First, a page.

By Collette Powers, MA, RDN, LDN, ACSM EP The year 2020 has proven to be a challenging year. Not only have many had to fight COVID-19 head-on, but millions have experienced the repercussions of the pandemic such as job loss, increased anxiety and stress, food insecurity, and social isolation to name a few. As our nation continues to fight this fight, we now have to consider and prepare for other illnesses commonly seen around this time of year such as upper respiratory infections (also known as the common cold), influenza (flu) and pneumonia. With fall here and winter around the [...]
Temas: 1) ¿Qué son los carbohidratos y cómo afecta mi glucosa en sangre?, 2) ¿Cuántos carbohidratos debo comer en cada comida?, 3) Evitando niveles de glucosa en sangre altos y bajos.
By María Eugenia Rodríguez León, MS, RD, CSR, LND, Registered Dietitian Nutritionist https://menutritionpr.com One of the recommendations given for following a healthy diet is choosing half of your daily grains as whole grains. Whole grains can help in preventing some diseases (e.g., diabetes, cancer, high blood pressure and heart disease).1 A whole grain has the three original parts of the seed: bran, germ and endosperm.2 Bran is the edible part surrounding the seed. It contains antioxidants, B vitamins and fiber. Germ is the seed embryo. It is the part that has the potential to become a new plant. It contains [...]
During this webinar, you will learn about: 1) The relationship between kidney disease and your bones, 2) Bone Mineral Disease and 3) How diet impacts renal bone mineral disorder.
Updated May 6, 2020 Earlier this month the President signed the “Families First Coronavirus Response Act,” which is a bill that will increase funding to several federal programs in response to the COVID-19 viral outbreak. The bill aids Americans in the areas of healthcare (including COVID-19 testing), nutrition, paid sick leave, unemployment, family and medical leave, and more. Below is a list of resources for dialysis patients to help them get additional support during the COVID-19 viral outbreak and beyond. Resource topics include: disability, financial assistance, nutrition, healthcare, housing and utilities, jobs, transportation, women and children, daily living, and staying [...]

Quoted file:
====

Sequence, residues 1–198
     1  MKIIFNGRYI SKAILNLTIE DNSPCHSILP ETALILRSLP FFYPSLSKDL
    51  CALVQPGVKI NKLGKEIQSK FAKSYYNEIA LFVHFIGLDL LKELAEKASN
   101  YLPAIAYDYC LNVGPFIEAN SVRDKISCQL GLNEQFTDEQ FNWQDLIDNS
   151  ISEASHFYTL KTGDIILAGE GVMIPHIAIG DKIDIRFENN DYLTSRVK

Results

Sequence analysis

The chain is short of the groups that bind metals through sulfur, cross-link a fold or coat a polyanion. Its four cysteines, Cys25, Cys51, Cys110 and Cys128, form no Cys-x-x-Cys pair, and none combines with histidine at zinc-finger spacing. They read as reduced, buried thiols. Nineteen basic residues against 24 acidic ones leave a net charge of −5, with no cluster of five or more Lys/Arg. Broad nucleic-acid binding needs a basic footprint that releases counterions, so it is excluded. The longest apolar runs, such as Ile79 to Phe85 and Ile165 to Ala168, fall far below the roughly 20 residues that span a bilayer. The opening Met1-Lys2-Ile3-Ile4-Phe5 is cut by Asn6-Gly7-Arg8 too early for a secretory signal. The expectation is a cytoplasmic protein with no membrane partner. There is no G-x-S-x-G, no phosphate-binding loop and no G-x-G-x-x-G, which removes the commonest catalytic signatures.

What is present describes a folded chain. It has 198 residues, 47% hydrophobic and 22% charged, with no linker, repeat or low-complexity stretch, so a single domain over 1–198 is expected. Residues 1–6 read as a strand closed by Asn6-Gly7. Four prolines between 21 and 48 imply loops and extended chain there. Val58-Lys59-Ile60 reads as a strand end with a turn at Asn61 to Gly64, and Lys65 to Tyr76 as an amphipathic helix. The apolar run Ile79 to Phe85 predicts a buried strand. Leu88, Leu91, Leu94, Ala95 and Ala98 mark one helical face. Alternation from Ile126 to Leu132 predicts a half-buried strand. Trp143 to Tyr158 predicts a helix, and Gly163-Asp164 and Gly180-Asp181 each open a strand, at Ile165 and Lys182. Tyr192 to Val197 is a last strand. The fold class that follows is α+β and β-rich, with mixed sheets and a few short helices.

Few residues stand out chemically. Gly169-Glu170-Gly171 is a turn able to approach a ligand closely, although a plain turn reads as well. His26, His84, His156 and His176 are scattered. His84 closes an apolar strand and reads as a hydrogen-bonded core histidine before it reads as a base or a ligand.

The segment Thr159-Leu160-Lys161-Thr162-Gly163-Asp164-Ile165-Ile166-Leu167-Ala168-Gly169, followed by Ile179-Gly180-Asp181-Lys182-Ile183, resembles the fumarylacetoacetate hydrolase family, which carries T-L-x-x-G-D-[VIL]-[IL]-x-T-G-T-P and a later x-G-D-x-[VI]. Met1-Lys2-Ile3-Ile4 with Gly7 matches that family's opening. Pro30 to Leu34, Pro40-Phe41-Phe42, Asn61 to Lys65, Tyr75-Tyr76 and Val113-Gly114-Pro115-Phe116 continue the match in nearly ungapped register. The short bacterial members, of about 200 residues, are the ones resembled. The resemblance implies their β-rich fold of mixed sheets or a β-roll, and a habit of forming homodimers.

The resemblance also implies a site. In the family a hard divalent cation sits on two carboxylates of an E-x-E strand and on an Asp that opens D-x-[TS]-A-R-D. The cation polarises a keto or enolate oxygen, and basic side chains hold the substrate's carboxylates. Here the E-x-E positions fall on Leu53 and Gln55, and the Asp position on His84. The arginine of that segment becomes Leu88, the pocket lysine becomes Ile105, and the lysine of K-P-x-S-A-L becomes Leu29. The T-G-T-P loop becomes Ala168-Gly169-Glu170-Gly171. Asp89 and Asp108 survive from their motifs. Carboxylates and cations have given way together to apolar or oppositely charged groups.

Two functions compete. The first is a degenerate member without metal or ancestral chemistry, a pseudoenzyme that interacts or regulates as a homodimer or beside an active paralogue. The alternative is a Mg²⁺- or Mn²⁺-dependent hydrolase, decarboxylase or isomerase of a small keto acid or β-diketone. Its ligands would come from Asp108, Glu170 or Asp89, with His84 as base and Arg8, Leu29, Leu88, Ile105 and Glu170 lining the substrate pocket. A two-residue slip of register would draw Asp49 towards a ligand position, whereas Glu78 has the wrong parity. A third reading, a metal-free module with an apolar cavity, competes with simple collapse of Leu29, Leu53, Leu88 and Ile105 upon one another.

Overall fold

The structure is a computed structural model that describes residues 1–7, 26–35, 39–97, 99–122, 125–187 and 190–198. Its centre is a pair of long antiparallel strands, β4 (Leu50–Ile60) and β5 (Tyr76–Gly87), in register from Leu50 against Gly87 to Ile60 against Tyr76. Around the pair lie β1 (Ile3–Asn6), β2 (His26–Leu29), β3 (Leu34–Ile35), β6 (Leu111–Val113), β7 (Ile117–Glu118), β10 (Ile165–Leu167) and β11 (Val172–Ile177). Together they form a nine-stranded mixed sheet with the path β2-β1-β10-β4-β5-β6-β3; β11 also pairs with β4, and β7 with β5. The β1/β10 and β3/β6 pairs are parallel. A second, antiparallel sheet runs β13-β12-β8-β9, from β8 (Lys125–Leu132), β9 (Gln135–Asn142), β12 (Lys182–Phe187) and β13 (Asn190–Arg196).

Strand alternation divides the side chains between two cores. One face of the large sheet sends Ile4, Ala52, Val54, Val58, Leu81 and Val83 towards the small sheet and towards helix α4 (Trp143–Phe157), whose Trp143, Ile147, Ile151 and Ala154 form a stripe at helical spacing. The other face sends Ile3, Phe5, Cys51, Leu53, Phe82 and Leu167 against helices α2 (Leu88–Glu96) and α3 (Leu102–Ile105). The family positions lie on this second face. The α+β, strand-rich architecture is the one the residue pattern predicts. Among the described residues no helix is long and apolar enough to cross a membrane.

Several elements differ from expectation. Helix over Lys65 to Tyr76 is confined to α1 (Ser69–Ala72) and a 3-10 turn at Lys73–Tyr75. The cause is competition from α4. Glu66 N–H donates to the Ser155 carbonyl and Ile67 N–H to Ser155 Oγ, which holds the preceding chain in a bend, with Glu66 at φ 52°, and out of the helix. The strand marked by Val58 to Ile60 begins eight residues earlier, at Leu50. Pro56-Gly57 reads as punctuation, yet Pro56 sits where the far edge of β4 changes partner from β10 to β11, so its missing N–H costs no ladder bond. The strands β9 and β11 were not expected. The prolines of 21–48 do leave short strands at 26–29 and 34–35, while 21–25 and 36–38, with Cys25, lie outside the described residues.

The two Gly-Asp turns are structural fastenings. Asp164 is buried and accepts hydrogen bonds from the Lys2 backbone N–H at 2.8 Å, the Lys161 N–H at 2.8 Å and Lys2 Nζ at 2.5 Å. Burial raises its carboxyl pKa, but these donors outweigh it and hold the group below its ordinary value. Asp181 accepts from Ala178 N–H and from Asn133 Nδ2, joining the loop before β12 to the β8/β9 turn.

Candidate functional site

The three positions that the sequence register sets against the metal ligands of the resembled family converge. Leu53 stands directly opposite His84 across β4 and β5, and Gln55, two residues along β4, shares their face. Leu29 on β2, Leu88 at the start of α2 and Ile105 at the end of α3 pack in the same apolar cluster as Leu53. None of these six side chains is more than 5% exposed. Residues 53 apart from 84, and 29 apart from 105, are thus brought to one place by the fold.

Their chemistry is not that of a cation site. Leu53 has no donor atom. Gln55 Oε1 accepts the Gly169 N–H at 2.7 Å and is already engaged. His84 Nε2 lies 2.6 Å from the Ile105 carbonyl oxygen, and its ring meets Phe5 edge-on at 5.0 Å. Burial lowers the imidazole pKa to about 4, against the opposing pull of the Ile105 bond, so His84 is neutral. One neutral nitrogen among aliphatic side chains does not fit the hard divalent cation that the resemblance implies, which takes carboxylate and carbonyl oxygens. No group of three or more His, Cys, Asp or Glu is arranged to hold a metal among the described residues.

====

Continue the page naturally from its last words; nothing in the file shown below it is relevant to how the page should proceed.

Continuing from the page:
These booklets were developed for tweens and teens who learn their kidneys are not working and they will need dialysis or a transplant. The booklets provide a brief overview of coping with kidney disease, being part of their health care team, the importance of diet, taking medication, and treatment methods. They also touch on feelings related to having a chronic illness, family and friends, and being a teen. The development of both booklets included input from kids currently on dialysis, parents, adults who had kidney disease as children, and nephrologists. Although both booklets are similar, one focuses on teens who learn [...]
If you worry that you or someone you love will get heart disease or even have a heart attack, it’s understandable. February is American Heart Month, and heart disease is the leading cause of death for men and women in the United States, according to the National Heart, Lung, and Blood Institute (NHLBI). Research shows you can lower your risk, particularly if you team up with family, friends or co-workers. This kind of social support may be the key to your success. “Studies show that having positive, close relationships and feeling connected to others benefits overall health, blood pressure, weight and [...]
En Español By María Eugenia Rodríguez, MS, RD, CSR, LND, Licensed Dietitian Nutritionist You have probably heard about the importance of eating a low sodium diet. The general recommendation for people with kidney disease is to consume less than 2,000 mg of sodium per day. According to statistics from NHANES 2007-2010, the adult man in the United States consumes 4,240 mg of sodium and the adult woman consumes 2,980 mg.1 In some South American countries such as Argentina, Brazil and Costa Rica sodium intakes have been reported between 4,400 and 4,700 mg per day.2 One [...]
English Version Por María Eugenia Rodríguez, MS, RD, CSR, LND, Nutricionista Dietista Licenciada Probablemente, ha escuchado sobre la importancia de llevar una alimentación baja en sodio. La recomendación general para personas con enfermedad renal es consumir menos de 2,000 mg de sodio al día. Según estadísticas de NHANES 2007-2010, el hombre adulto en Estados Unidos consume 4,240 mg de sodio y la mujer adulta consume 2,980 mg.1 En algunos países de Sur América como Argentina, Brasil y Costa Rica se han reportado ingestas de sodio entre 4,400 y 4,700 mg al día.2 Una de las fuentes de [...]
Join us for this dynamite webinar to learn the three biggest mistakes people with kidney disease make during the holidays with their diet and how to avoid. We’ll go over our best tips to make your food go from “blah” to “hurrah” and give you all the tools you need for your best holiday tips this season.